National Hospital Abuja, Nigeria
Abuja , FCT | Nigeria
Main Specialties: Pediatric Cardiology, Pediatric Critical Care Medicine, Pediatric Emergency Medicine, Pediatric Gastroenterology, Pediatric Hematology-Oncology, Pediatric Infectious Diseases, Pediatric Nephrology, Pediatric Pulmonology, Pediatrics
Primary Affiliation: National Hospital Abuja, Nigeria - Abuja , FCT , Nigeria
BJMMR. 2016; 16(8): 1-11
British Journal of Medicine and Medical Research
Background: Severe neonatal hyperbilirubinaemia remains an important cause of neonatal admissions in Nigeria, often giving rise to irreversible neurotoxicity. Access to effective phototherapy is restricted to a few centers while salvage therapy with exchange blood transfusion may occur too late to reverse acute bilirubin encephalopathy (ABE).Aim: We set out to identify modifiable socio-demographic risk factors for severe neonatal jaundice in babies of ≥34 week gestation at the National Hospital Abuja.Methodology: Late preterm and term babies admitted into Special Care Baby Unit (SCBU) with jaundice from April 2014 to May 2015 were consecutively recruited into the study with parental consent. Socio-demographic information, history of common risk factors for neonatal jaundice and results of laboratory investigations were obtained for statistical analysis. Jaundice was classified as severe (≥ 20 mg/dl) or non-severe (10-19 mgdl). Bivariate and multiple logistic regressions were carried out to determine the significance of associations between risk factors and severity of jaundice.Results: A total of 123 babies were seen with an Inborn/Out born ratio of 1:2.3. Eighty two percent were term. Severe Jaundice accounted for 43(35%). The mean TSB for babies with severe jaundice was 29.1(9.6) mg/dl while that of controls was 16.9(5.9) mg/dl, (p=0.000). There was no significant difference in the distribution of primary risk factors (ABO/Rh incompatibility, sepsis, G6PD deficiency and concealed haemorrhage) among severe and non-severe groups. Among investigated secondary risk factors, late presentation (P=0.043), being out born (OR=0.164 95% CF=0.054-0.504), vaginal delivery (p=0.012), prematurity (OR=2.233 95% CF=1.051-4.740) and maternal education (p=0.017) were significantly associated with severe jaundice. Over 98% of the mothers had antenatal care while 91% delivered in hospitals/clinics. Thirty two (26%) had signs of acute bilirubin encephalopathy and exchange blood transfusion was done in 50 (40.7%) babies.Recommendation: There is a need to refocus preventive strategies on modifiable risk factors, increasing awareness about the consequences of neonatal jaundice and the essence of early identification as well as prompt hospital presentation.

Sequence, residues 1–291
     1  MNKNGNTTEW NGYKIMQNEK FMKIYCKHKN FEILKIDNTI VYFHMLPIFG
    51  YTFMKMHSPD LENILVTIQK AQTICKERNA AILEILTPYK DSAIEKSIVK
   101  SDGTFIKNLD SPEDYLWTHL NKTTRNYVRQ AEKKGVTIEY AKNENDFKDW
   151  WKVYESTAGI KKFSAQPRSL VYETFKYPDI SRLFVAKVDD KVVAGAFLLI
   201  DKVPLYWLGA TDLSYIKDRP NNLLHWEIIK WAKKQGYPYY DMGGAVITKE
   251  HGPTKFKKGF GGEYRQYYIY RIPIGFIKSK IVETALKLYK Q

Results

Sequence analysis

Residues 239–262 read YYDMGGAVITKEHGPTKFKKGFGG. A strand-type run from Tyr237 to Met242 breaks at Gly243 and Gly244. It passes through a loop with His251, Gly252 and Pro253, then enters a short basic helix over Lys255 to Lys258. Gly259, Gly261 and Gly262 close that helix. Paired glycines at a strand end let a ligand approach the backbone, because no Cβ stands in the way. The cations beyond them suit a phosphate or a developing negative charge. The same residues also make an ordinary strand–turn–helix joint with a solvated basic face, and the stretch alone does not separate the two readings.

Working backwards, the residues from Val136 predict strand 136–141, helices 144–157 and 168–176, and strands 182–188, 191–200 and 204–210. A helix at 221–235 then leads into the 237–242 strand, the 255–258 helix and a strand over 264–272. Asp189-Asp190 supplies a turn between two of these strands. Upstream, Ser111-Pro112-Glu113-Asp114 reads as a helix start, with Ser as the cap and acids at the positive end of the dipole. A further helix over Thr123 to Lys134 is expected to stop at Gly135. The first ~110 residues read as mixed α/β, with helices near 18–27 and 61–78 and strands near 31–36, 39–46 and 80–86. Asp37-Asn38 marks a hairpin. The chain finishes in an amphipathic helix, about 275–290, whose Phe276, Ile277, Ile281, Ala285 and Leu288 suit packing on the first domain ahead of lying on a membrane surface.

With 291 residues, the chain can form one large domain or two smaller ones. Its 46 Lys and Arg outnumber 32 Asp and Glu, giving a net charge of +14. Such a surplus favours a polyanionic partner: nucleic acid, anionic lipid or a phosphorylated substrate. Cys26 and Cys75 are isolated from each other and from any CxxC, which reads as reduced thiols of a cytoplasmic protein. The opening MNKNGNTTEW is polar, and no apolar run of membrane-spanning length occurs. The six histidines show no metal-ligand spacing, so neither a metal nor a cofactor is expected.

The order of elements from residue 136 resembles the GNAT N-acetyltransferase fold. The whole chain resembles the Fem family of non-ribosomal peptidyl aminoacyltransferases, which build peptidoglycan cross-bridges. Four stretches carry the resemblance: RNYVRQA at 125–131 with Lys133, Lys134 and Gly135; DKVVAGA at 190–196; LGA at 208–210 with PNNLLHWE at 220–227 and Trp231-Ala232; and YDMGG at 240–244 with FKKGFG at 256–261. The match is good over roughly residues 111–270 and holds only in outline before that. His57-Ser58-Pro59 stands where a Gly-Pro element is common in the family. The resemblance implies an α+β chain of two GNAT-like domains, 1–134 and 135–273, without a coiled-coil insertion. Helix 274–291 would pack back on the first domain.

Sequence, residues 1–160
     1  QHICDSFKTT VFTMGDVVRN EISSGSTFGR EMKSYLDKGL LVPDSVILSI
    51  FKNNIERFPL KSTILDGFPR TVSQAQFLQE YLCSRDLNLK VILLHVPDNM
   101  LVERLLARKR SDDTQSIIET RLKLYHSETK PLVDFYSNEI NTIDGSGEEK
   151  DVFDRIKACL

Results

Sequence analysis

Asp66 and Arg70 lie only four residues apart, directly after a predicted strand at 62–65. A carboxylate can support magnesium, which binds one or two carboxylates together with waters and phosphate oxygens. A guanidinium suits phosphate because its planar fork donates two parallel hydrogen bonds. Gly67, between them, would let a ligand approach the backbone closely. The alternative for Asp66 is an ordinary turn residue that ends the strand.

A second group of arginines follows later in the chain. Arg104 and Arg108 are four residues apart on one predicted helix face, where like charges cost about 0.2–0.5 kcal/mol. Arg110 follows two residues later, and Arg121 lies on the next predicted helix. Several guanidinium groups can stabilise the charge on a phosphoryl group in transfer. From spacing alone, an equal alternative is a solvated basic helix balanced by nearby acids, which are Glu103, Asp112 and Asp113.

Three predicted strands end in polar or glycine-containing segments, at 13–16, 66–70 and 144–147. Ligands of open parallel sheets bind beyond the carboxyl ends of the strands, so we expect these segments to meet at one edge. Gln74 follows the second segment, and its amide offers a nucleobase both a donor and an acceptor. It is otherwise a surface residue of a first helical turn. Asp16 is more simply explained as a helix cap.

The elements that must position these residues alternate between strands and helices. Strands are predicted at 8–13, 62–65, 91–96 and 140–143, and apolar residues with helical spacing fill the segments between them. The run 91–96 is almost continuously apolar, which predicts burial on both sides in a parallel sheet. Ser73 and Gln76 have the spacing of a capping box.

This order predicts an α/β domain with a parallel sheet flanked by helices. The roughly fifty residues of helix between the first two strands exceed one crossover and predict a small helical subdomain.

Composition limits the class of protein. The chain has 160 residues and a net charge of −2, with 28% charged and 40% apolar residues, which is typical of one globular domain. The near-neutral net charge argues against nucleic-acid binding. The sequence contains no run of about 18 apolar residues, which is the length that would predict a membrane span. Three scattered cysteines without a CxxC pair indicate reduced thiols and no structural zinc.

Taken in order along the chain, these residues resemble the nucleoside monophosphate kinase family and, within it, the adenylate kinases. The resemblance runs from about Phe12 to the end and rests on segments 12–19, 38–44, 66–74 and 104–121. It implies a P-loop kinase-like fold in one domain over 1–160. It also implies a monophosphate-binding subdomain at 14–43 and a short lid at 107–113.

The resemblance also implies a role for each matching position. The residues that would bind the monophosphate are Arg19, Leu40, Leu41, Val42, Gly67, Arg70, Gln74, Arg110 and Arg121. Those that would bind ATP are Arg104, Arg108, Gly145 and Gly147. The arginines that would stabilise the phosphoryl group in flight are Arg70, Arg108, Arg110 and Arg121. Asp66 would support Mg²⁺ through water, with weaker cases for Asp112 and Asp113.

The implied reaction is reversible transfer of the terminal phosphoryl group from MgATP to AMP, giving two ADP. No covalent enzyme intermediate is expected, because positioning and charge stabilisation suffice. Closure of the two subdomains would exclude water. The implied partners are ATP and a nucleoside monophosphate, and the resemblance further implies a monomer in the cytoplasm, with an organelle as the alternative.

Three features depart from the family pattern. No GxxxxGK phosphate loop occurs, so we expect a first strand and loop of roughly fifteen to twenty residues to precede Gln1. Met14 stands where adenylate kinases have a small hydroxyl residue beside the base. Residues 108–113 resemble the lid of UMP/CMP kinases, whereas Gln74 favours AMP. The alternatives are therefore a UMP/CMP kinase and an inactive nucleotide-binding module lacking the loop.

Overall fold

Audu L. I, Mukhtar-yola M, Otunete A.T, Mairami A.B, Nwatah V.E, Mahmud M.R, et al. Unexplained massive subdural haematoma in a newborn delivered by elective caesarean section: a case report. Niger J Paediatr 03/2015; 43(3):234-236. DOI: 10.4314/njp.v42i3.13
Niger J Paediatr
International Journal of Pediatrics, vol. 2015, Article ID 175867, 5 pages
International Journal of Pediatrics
Anaemia is a common morbidity in the NICU and often requires transfusion of packed red blood cells. Haematocrit equilibration following red cell transfusion occurs over time ultimately resulting in a stable packed cell volume (PCV). Knowledge of this equilibration process is pertinent in the accurate timing of posttransfusion (PT) PCV. We conducted a prospective study to determine an appropriate timing for PT PCV estimation on 47 stable anaemic babies at the Neonatal Unit of National Hospital, Abuja. Values of PCV were determined before transfusion and at 1, 6, 12, 24, and 48 hours posttransfusion. Forty of the recruited neonates and young infants were analyzed. Their gestational age range was 26 to 40 weeks. 1-hour PT PCV (48.5% ± 5.5%) was similar to the 6-hour PT PCV (47.8% ± 5.6%) , but both were significantly different from the 12-hour (46.8% ± 5.9%), 24-hour (45.9 ± 5.8%), and 48-hour (45.4% ± 6.2%) PT PCVs. The 12-hour PT PCV was similar to the 24-hour and 48-hour PT PCVs ( and 0.063, resp.). We concluded that, in stable nonhaemorrhaging and nonhaemolysing young infants, the estimated timing of haematocrit equilibration and, consequently, posttransfusion PCV is 12 hours after red blood cell transfusion.